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Umbilical / Paraumbilical Hernia
unbilical
Hernias which occur around the umbilicus (belly button)  are termed umbilical or paraumbilical hernias.

In Children 
Umbilical hernia may be present from birth and are the result of muscle wall failing to close around the site of the umbilical cord.  Umbilical hernias will usually improve spontaneously as the muscle wall strengthens and develops. In fact 85% of all umbilical hernias will close spontaneously.  If the hernia persists beyond the age of 4 or 5 years, they are less likely to improve and may well require surgery.

Complications
It is uncommon for umbilical hernias in children to strangulate, and hence it is reasonable to avoid surgery and adopt a wait and see policy.


In Adults
In adults, hernias which occur in the area around the umbilicus are termed paraumbilical hernias.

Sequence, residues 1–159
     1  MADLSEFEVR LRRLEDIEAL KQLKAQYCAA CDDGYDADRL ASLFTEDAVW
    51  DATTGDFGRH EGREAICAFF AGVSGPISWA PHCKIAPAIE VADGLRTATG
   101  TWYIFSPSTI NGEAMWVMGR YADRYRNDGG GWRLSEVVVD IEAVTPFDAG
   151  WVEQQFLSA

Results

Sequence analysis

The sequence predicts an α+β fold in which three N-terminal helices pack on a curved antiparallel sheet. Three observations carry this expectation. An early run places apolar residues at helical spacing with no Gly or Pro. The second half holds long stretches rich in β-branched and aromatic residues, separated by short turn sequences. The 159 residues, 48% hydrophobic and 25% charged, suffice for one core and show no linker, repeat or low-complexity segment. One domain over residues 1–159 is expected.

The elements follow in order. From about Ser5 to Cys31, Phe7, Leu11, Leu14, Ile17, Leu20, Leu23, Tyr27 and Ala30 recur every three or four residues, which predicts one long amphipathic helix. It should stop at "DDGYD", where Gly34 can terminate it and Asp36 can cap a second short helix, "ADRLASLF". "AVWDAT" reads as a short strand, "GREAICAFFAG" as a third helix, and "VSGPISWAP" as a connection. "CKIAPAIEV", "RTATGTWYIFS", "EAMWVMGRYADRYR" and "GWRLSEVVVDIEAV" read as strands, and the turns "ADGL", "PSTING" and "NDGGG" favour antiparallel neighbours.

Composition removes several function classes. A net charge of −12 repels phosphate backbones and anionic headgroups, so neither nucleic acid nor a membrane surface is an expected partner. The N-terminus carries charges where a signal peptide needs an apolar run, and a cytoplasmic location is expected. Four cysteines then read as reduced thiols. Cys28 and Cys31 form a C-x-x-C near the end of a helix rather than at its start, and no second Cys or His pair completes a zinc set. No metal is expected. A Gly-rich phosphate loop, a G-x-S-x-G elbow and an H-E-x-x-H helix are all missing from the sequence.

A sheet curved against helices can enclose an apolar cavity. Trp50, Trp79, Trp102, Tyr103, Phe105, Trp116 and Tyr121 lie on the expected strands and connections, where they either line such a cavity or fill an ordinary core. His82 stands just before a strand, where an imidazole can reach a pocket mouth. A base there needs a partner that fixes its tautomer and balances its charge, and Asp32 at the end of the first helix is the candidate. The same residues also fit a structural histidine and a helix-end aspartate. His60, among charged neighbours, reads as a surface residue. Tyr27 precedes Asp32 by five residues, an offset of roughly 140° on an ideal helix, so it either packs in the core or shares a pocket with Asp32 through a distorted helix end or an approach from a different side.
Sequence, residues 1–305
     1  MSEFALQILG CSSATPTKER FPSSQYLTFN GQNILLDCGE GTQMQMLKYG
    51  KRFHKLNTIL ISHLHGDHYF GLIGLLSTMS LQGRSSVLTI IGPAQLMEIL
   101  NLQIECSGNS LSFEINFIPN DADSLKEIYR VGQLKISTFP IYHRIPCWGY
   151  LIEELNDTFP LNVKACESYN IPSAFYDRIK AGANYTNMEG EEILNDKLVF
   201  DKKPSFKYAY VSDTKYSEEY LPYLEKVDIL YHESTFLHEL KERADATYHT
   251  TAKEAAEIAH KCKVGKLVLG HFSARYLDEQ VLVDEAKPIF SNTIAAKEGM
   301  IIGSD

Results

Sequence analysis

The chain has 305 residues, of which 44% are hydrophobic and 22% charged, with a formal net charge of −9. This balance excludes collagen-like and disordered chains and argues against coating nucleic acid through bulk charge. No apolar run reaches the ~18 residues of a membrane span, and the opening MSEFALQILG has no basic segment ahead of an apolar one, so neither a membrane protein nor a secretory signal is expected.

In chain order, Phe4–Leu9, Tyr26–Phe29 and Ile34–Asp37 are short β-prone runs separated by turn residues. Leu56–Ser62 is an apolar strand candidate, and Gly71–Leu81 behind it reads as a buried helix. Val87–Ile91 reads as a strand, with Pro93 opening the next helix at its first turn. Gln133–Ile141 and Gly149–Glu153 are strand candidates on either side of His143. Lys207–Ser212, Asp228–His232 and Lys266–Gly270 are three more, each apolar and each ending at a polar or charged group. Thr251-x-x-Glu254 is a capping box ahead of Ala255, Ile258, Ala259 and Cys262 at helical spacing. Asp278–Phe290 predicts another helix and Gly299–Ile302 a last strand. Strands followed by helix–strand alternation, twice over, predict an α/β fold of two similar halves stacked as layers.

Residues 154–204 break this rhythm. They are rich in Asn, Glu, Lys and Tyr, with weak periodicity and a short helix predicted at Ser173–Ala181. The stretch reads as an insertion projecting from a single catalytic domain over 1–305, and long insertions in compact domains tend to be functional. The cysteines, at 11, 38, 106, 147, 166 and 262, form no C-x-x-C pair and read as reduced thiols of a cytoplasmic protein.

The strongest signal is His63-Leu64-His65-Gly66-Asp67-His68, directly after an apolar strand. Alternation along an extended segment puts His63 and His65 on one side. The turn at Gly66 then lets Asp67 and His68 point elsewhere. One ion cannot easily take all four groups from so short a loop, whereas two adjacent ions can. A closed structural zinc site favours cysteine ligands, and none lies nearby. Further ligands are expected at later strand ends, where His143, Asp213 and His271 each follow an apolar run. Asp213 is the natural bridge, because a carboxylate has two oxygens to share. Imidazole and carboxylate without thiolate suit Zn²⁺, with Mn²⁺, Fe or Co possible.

The umbilicus is a natural point of weakness in the abdominal wall.  The size of the hole in the abdominal wall is often small.  As a result, paraumbilical hernias can become strangulated.  For this reason, surgery is usually recommended.  

Symptoms and Signs
A palpable lump around the umbilicus, often but not always with a cough impulse.

Diagnosis
The diagnosis is usually made based on findings at clinical examination

Investigations
Usually the diagnosis is made clinically.  Ultrasound, CT and MRI may be helpful but are not usually necessary.

Management
Surgical repair is usually recommended.  This is generally performed under general anaesthesia (asleep).  If small the hernia is repaired directly with stitches, if larger then the hernia is repaired using a mesh, inserted through a small incision or laparoscopically (keyhole surgery).
 
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